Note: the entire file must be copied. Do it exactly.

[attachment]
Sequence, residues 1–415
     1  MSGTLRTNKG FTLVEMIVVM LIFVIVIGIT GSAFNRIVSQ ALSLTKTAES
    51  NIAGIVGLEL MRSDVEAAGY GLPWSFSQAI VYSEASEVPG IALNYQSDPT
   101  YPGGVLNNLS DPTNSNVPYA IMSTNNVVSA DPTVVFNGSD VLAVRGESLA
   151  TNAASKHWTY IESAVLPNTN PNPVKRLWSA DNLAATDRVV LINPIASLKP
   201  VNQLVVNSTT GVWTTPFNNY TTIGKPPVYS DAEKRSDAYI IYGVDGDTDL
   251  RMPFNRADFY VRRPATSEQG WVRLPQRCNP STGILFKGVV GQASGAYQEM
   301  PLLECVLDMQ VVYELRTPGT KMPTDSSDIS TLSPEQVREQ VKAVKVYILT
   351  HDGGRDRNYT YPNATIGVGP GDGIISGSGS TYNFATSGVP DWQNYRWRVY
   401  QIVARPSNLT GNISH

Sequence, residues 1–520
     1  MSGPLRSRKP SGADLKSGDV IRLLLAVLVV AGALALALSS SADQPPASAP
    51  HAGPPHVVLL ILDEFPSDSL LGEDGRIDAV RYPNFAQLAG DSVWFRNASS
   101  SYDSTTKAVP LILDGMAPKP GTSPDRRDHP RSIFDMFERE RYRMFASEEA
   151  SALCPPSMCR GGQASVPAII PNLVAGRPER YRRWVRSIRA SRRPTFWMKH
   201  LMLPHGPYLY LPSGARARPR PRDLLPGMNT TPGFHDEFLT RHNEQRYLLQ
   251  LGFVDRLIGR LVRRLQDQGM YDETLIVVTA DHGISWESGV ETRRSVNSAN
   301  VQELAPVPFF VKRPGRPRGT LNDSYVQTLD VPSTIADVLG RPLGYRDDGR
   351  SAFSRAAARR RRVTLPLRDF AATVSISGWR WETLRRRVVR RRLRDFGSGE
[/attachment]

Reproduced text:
Sequence, residues 1–415
     1  MSGTLRTNKG FTLVEMIVVM LIFVIVIGIT GSAFNRIVSQ ALSLTKTAES
    51  NIAGIVGLEL MRSDVEAAGY GLPWSFSQAI VYSEASEVPG IALNYQSDPT
   101  YPGGVLNNLS DPTNSNVPYA IMSTNNVVSA DPTVVFNGSD VLAVRGESLA
   151  TNAASKHWTY IESAVLPNTN PNPVKRLWSA DNLAATDRVV LINPIASLKP
   201  VNQLVVNSTT GVWTTPFNNY TTIGKPPVYS DAEKRSDAYI IYGVDGDTDL
   251  RMPFNRADFY VRRPATSEQG WVRLPQRCNP STGILFKGVV GQASGAYQEM
   301  PLLECVLDMQ VVYELRTPGT KMPTDSSDIS TLSPEQVREQ VKAVKVYILT
   351  HDGGRDRNYT YPNATIGVGP GDGIISGSGS TYNFATSGVP DWQNYRWRVY
   401  QIVARPSNLT GNISH

Sequence, residues 1–520
     1  MSGPLRSRKP SGADLKSGDV IRLLLAVLVV AGALALALSS SADQPPASAP
    51  HAGPPHVVLL ILDEFPSDSL LGEDGRIDAV RYPNFAQLAG DSVWFRNASS
   101  SYDSTTKAVP LILDGMAPKP GTSPDRRDHP RSIFDMFERE RYRMFASEEA
   151  SALCPPSMCR GGQASVPAII PNLVAGRPER YRRWVRSIRA SRRPTFWMKH
   201  LMLPHGPYLY LPSGARARPR PRDLLPGMNT TPGFHDEFLT RHNEQRYLLQ
   251  LGFVDRLIGR LVRRLQDQGM YDETLIVVTA DHGISWESGV ETRRSVNSAN
   301  VQELAPVPFF VKRPGRPRGT LNDSYVQTLD VPSTIADVLG RPLGYRDDGR
   351  SAFSRAAARR RRVTLPLRDF AATVSISGWR WETLRRRVVR RRLRDFGSGE